Skip to Main Content
U.S. Forest Service
Caring for the land and serving people

United States Department of Agriculture

Home > Search > Publication Information

  1. Share via EmailShare on FacebookShare on LinkedInShare on Twitter
    Dislike this pubLike this pub


    Two recent studies provide alternative views of the current state and future prospects of southern forests and timber supply: the Southern Forest Resource Assessment (SOFRA) and the Fifth Resources Planning Act Timber Assessment (RPA). Using apparently comparable data but different models and methods, the studies portray futures that in some aspects are quite similar and in others markedly different. This article focuses on what the differences and commonalities between the reports suggest about the key factors that help shape our views of the future of southern timber supply. What inputs and assumptions make important differences in projections of the South's timber supply future? We find that there are five major areas to watch: (i) gross land area ships from forest to urban and from agriculture to forest (not just net timberland area change); (ii) the sensitivity of pine plantation investments to expected timber prices; (iii) the responsiveness of southern timber demand to prices; (iv) age or date of the starting inventory and the definition of timber harvest (what products are included); and (iv) the basic yield assumptions and the timing of the yield impacts from improved management and timberland area change.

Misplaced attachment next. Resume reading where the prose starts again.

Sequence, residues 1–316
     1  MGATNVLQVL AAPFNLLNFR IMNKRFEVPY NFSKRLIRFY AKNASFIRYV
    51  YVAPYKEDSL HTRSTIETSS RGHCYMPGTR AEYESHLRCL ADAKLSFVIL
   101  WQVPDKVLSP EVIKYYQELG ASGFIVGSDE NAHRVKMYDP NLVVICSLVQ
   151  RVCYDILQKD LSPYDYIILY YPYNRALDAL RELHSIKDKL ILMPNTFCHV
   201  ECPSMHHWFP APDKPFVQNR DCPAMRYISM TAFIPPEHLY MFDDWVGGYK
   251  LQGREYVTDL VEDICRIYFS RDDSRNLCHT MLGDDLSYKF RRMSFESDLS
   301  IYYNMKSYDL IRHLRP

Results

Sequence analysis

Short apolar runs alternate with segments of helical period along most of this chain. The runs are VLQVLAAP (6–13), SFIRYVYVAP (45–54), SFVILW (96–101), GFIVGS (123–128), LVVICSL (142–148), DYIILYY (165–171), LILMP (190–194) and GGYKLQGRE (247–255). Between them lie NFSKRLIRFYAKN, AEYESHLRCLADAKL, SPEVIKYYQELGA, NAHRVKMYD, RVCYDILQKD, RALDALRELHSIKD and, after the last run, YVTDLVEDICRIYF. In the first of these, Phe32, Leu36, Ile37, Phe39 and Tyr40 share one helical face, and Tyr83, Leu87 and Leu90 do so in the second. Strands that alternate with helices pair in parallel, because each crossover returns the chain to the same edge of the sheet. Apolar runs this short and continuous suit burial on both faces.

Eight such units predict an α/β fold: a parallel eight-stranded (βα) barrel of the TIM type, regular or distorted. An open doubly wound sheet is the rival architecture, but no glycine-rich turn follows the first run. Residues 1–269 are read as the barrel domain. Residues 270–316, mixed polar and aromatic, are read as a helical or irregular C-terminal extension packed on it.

Publication Notes

    • Visit PNW's Publication Request Page to request a hard copy of this publication.
    • We recommend that you also print this page and attach it to the printout of the article, to retain the full citation information.
    • This article was written and prepared by U.S. Government employees on official time, and is therefore in the public domain.


    Adams, Darius; Mills, John; Alig, Ralph; Haynes, Richard. 2005. SOFRA and RPA: two views of the future of southern timber supply. Southern Journal of Applied Forestry. 29(3): 123-134


    harvest, removals, demand, models

    Related Search

    XML: View XML
Show More
Show Fewer
Jump to Top of Page